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October 2018, vol 14 no 3

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Seth Copeland

Easter Sunday

After the brisket, we comb grandma’s yard for eggs. Five years old with one good eye. Early, I often fell, and through that learned to spring back. My feet kick up the yellowed grass like dusty straw, scanning for blues and pinks. My uncle has hidden one in the mouth of the grain auger, its bit cold and still, but grandma still swears at him for it, reminds him a boy got his hand mangled in one down on Baseline Road last year. That’s all that I remember; I must have gone back to the eggs.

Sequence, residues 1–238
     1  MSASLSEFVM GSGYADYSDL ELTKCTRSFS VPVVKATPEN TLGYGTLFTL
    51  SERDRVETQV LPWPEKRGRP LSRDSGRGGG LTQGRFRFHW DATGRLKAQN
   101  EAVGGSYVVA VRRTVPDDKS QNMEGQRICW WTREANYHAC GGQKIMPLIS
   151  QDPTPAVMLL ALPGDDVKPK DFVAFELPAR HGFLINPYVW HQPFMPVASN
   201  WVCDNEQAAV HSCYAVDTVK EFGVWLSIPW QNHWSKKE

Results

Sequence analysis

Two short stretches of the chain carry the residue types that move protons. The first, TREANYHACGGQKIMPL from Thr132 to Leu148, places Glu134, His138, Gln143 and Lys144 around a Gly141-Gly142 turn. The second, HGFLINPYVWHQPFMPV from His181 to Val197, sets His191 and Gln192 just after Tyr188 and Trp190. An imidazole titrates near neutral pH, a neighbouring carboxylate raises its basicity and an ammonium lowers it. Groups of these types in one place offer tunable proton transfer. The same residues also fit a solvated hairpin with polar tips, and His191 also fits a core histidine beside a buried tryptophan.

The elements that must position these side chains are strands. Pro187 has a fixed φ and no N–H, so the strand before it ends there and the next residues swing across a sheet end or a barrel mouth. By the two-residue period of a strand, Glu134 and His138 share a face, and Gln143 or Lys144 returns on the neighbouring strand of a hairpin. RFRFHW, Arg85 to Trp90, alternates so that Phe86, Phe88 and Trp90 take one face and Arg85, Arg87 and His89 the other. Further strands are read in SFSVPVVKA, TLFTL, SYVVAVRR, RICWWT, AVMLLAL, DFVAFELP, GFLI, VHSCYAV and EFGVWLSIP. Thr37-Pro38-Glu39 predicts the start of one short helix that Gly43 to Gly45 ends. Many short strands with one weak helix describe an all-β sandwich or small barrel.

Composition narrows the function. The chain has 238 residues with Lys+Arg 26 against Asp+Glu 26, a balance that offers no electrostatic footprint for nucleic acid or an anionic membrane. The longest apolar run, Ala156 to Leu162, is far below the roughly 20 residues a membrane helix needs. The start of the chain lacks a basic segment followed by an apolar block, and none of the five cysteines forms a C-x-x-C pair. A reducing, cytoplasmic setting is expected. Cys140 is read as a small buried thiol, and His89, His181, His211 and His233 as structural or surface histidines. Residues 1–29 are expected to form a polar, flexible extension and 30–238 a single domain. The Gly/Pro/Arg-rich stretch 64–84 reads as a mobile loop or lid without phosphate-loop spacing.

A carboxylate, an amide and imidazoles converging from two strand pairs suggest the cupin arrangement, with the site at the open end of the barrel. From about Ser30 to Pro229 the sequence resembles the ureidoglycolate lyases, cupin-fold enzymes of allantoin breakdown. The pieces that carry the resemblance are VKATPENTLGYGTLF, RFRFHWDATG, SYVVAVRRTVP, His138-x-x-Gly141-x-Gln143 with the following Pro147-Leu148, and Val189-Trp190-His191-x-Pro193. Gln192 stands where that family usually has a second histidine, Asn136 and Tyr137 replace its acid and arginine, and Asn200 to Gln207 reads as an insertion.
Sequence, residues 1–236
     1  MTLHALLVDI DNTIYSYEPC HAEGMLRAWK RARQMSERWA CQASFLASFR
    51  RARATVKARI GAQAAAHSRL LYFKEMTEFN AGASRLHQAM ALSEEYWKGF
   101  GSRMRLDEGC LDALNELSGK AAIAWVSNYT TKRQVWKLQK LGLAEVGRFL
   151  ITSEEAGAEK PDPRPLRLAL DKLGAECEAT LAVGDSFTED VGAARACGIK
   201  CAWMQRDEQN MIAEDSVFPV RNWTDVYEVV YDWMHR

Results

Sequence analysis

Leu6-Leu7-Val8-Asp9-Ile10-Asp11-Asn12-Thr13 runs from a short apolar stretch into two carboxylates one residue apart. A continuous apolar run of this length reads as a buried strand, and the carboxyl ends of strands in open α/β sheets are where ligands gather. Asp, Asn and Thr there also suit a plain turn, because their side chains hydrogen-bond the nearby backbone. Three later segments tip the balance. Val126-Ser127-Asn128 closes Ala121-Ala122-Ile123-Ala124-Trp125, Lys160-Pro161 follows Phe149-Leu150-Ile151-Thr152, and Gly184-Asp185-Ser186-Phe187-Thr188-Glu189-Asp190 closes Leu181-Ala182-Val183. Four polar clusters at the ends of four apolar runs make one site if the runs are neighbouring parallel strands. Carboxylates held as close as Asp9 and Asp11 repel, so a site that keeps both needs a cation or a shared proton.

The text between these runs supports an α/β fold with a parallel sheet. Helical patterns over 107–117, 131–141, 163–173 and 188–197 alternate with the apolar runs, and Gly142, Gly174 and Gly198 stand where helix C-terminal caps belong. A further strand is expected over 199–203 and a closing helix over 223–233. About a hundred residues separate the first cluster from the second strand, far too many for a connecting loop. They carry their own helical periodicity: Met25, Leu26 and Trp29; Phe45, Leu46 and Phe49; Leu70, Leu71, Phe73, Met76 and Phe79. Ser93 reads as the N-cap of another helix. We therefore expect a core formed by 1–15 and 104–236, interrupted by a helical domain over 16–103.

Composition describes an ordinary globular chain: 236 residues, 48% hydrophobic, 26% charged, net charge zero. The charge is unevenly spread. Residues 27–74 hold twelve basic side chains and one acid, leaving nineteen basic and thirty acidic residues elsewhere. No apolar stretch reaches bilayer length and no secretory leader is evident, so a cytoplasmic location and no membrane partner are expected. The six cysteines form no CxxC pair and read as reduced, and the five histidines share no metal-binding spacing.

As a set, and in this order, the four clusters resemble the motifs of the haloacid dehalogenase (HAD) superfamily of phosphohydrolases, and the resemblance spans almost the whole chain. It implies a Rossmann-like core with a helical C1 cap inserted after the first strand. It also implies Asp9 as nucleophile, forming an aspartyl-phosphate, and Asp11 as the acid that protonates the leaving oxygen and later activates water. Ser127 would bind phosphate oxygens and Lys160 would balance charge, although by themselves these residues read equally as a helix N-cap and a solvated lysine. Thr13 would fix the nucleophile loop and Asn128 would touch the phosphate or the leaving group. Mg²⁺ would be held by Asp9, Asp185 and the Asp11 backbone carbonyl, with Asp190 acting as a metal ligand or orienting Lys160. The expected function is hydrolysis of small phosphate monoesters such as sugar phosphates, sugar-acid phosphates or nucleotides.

red elms sway
a shivering shadow on
grain silos


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